W3C home > Mailing lists > Public > www-style@w3.org > July 2013

RE: [css-break] another fragmentation question

From: François REMY <francois.remy.dev@outlook.com>
Date: Fri, 19 Jul 2013 01:03:09 +0200
Message-ID: <DUB120-W34D45D5346FBB124816910A5620@phx.gbl>
To: Morten Stenshorne <mstensho@opera.com>
CC: "www-style@w3.org" <www-style@w3.org>
>> The test case contain a single block element
>> whose vertical padding makes it too tall for
>> a fragmentainer.
>>
>> Most browsers agrees that the break happens
>> at the pixel line where the bottom padding
>> starts to be too tall, but Firefox does make
>> use a line break inside the block element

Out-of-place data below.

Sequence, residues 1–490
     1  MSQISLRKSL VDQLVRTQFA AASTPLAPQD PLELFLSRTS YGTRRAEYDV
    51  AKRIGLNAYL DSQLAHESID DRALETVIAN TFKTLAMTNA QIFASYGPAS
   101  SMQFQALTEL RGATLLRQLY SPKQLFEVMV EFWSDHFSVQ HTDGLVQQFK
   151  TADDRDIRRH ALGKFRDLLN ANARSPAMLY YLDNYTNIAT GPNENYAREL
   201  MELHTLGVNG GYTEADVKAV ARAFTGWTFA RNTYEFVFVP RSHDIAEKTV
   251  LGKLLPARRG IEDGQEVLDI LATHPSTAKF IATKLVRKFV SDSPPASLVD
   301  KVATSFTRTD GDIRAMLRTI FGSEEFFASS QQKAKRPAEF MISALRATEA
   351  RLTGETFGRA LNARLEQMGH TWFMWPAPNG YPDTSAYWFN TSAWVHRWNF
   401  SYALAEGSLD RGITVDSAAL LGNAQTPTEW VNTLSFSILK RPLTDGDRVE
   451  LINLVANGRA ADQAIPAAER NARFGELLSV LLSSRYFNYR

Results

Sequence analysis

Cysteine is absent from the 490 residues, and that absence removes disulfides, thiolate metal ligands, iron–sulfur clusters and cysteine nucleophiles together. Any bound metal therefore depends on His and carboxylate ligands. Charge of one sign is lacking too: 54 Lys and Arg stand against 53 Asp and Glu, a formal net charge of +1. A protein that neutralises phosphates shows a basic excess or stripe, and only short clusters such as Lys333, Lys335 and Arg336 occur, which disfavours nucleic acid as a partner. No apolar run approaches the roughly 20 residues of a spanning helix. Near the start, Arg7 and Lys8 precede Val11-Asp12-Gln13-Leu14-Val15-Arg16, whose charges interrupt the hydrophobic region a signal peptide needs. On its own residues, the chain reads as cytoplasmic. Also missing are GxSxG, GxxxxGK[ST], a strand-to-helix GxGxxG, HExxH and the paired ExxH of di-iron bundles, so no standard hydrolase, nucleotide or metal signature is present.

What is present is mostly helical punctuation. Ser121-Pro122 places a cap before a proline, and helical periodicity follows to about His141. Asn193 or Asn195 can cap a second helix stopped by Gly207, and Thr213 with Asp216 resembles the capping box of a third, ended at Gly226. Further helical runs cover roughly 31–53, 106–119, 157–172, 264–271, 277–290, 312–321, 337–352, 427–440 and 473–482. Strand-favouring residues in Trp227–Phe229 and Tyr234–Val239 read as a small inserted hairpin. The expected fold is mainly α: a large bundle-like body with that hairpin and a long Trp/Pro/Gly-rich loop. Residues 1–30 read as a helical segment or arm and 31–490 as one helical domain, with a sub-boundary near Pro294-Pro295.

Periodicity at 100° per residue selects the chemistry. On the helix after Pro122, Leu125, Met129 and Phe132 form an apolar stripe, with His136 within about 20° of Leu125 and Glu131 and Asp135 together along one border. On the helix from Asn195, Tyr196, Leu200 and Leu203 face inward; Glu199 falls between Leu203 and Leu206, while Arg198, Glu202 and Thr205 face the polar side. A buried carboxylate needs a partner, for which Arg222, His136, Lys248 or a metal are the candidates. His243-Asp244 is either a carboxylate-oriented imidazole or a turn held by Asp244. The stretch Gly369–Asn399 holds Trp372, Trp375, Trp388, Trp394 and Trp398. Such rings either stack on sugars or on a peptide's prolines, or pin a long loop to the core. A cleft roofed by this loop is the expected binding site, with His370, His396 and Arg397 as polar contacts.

>> itself in a way that looks odd to me.
> 
> I think Gecko is right, and that WebKit and Presto are wrong. Breaking
> inside padding and borders should be avoided.
>
> http://dev.w3.org/csswg/css-break/#possible-breaks
>
> Gecko uses a class 2 opportunity (between the two line boxes). There are
> no class 1 or 3 break opportunities in the test case.

Thank you for your answer. This is how I was reading it as well. 

However, I don't think there's such kind of "prefer (1) to (2) to (3)" rule, so as soon as the browser finds all the breakpoints that are possible, it may use them in any priority order. I guess the rule chosen by the other browsers is "find the break point that's the nearest the point you have to break anyway" which is why they end up breaking inside the padding or border.

What I find strange in the Gecko behavior is the way the break is vertically "extended" to make the box fit the column. I can't find that in the spec anywhere, nor does it seems very logical to do so. 		 	   		  
Received on Thursday, 18 July 2013 23:03:37 UTC

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